Another unpalatable fact that no-one seems to want to discuss when discussing the ethics of IVF on the NHS is the ethics of IVF itself. So when I attempted to point out that for every live birth that comes about due to IVF, another 30 embryos are created and that of the 4 million embryos created since 1991, only a tiny proportion have made it through to birth – this point was brushed aside. The discussion has to centre around the ethics of the treatment being made available for free, regardless of whether the treatment is in itself ethical.

I don’t know what is more frustrating, the entitlement culture, the disregard for the welfare of children or the wilful short-sightedness. Any other expensive treatment costing around £3.5K to £5K a time which had a less than 25% chance of success would not see NICE attempting to impose it upon CCGs as a matter of routine, especially when the treatment itself is so physically and emotionally demanding. It would instead be allocated according to individual circumstances.

As I said on the programme, it seems that we’ve got ourselves in something of a pickle with regards to fertility. On the one hand there’s couples crying out for IVF and the opportunity for a biological child of their own, on the other almost 200,000 abortions take place in the UK every year. Added to which abortion rates amongst women in their ‘30s and ‘40s are rising as women believe that they are no longer fertile.

It’s time for some joined-up social policy thinking on this issue. We know that with a little bit of training women can be trained to monitor and track their monthly cycles and pinpoint with a high degree of accuracy the fertile periods every month.

Women are given so many mixed messages and conflicting signals about their own fertility it’s not surprising that so many of us fail to navigate successfully through the reproductive minefield. Instead of teaching young women how to avoid pregnancy and that sex can be devoid of consequences how about teaching girls (and boys for that matter) the specifics of how to track female fertility. Instead of teaching them that fertility is an obstacle which must be suppressed via chemical hormones and abortion a useful and necessary back-up, why not help them to empower themselves in terms of learning the ebbs and flows of their own unique monthly cycle.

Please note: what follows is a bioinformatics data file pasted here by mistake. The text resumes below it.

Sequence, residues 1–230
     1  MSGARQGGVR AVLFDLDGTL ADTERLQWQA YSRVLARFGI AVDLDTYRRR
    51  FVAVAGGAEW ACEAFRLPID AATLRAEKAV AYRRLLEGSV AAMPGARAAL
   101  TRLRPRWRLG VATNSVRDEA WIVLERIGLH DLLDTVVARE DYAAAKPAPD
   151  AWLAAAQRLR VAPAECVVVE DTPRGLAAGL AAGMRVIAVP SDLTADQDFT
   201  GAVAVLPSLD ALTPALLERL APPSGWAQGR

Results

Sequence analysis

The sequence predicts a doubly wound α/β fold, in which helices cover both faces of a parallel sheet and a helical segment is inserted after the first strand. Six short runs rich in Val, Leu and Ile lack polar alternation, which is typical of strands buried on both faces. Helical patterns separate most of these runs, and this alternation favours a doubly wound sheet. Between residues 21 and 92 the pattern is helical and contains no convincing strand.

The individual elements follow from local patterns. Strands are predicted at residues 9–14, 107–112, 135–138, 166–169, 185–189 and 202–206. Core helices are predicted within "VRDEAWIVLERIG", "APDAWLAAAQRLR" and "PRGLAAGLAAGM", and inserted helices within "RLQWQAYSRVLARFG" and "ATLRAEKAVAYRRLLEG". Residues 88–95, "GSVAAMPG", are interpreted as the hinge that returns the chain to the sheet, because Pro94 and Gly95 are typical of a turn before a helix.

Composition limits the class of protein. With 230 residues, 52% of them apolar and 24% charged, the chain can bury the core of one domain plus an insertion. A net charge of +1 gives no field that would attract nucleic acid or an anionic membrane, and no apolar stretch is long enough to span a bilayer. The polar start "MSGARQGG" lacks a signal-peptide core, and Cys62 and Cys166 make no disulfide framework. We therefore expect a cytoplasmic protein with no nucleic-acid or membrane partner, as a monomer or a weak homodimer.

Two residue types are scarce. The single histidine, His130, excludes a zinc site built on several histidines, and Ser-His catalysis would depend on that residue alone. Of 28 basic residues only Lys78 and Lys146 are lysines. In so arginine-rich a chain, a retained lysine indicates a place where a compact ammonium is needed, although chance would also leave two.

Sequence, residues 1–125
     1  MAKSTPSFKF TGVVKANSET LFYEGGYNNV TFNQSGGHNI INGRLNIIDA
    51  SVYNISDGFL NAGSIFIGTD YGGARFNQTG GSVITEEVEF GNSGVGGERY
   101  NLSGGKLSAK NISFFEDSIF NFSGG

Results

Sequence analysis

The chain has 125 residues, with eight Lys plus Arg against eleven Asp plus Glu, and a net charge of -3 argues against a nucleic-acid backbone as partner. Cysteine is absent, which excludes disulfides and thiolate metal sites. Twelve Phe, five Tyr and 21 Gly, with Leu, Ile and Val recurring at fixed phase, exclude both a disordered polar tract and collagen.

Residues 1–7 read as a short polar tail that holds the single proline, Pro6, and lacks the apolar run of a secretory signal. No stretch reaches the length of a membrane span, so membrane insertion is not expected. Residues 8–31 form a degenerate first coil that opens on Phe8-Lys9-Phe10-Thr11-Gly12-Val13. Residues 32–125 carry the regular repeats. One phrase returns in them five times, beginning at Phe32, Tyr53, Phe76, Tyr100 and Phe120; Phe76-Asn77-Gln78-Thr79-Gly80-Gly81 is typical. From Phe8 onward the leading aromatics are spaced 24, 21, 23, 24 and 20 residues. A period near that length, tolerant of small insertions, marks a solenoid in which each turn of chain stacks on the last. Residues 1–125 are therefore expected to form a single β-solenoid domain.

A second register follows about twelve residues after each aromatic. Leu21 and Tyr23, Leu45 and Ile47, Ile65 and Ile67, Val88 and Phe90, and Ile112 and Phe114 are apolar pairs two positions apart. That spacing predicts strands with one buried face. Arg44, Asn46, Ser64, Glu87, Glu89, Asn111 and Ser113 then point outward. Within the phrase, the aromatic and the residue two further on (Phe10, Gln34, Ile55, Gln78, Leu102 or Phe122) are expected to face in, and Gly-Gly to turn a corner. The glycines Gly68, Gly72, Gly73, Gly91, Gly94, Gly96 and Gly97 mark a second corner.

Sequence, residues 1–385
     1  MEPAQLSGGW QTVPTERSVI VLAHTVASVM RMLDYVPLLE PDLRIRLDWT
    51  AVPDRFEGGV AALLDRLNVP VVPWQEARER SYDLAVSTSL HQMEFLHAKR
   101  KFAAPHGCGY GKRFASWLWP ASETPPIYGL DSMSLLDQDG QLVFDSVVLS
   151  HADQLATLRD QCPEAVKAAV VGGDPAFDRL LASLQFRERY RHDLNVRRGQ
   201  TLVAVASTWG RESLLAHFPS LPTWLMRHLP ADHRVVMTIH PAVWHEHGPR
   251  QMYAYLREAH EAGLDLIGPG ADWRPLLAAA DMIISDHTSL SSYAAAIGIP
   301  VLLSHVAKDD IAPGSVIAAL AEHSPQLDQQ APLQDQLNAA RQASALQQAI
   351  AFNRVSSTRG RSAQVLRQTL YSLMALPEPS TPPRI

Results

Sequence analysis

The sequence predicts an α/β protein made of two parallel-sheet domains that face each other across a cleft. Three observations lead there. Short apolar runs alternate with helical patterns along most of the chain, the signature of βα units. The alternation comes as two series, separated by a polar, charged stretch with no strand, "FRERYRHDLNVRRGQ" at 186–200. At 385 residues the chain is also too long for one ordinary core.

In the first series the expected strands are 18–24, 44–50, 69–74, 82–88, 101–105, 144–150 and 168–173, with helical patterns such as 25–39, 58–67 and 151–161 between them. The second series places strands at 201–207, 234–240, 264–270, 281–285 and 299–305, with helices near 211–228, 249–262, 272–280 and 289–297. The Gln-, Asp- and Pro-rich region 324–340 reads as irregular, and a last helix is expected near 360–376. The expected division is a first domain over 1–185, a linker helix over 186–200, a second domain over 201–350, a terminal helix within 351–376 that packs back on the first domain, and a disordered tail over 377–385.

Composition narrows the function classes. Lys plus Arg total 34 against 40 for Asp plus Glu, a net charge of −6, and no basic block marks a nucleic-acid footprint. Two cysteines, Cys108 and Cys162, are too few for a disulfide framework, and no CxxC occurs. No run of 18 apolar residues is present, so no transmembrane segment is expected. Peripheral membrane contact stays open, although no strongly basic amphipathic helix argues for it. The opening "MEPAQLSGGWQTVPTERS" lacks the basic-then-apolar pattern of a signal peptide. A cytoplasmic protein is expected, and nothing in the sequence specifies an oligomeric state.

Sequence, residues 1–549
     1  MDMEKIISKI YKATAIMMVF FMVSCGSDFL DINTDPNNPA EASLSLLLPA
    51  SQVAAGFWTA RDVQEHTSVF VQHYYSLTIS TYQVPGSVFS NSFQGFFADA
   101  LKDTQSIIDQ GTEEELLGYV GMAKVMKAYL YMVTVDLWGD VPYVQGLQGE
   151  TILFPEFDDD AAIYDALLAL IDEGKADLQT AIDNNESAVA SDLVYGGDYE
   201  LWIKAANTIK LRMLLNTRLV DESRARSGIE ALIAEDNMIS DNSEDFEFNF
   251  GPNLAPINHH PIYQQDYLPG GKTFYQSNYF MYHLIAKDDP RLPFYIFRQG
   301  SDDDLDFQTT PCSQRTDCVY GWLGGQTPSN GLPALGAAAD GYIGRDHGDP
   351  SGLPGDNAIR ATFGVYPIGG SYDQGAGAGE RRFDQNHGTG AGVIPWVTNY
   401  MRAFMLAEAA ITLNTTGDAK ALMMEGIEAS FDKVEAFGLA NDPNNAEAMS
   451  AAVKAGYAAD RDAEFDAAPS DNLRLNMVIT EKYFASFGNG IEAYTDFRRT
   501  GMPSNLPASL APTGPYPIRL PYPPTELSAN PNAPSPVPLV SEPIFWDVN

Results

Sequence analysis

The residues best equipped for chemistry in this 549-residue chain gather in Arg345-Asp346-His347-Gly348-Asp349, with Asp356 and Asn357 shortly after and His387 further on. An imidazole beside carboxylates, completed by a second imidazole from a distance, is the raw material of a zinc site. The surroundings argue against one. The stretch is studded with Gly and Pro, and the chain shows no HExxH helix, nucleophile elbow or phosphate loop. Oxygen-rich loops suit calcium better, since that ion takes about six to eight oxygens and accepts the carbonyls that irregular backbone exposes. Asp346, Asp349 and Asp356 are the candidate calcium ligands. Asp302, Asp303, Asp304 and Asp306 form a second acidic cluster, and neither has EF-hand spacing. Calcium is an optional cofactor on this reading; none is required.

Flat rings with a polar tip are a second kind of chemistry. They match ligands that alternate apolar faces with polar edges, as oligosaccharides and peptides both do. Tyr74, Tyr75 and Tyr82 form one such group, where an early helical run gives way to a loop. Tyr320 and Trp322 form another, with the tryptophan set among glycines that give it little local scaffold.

Armed with that information, they can then make the decisions which they feel are most appropriate, especially during the window of peak fertility. Tracking monthly cycles has another advantage in that it enables abnormal cycles or potential issues and barriers to conception to be identified and treated.

If the NHS is serious about wanting to tackle infertility, then instead of chucking money at what is a not very effective sticking plaster, a more pragmatic and cost-effective solution is to enable both women and medical practitioners to become specialists in natural female fertility instead of attempting to artificially suppress it until such time as it might be needed and then attempting to employ a costly treatment with a 75% chance of failure.

Even more radical, instead of teaching young girls that pregnancy is to be avoided until an indeterminate date in the distant future, how about education that focuses their minds on real family planning and the pros and cons of early versus late motherhood? How about going a step further and implementing far better childcare and maternity solutions and options for university students. While we’re at it why not chuck in cheap starter homes for young couples and measures to make life more attractive and conducive for young families?

Unfortunately the genie is out of the bottle when it comes to IVF and it would take a heart of stone not to sympathise with women like Jessica Hepburn who was interviewed alongside me earlier. What I wouldn’t do to be able to wave a wand and give her a baby and find a method that was successful, devoid of harmful physical side-effects and didn’t involve the destruction of life. Disagreeing with the use of technology does not extend to blaming or shaming those who want to avail themselves of it.

Heartbreaking, unexplained and untreatable cases of infertility cannot be completely eliminated, but with a bit more joined up thinking, the need for both IVF and at the other end of the spectrum abortion, could be drastically reduced.

Catholics reading this might be aware that today marks the start of a novena to Mary, Undoer of Knots. Dedicating it to couples facing the pain of infertility seems a good place to start.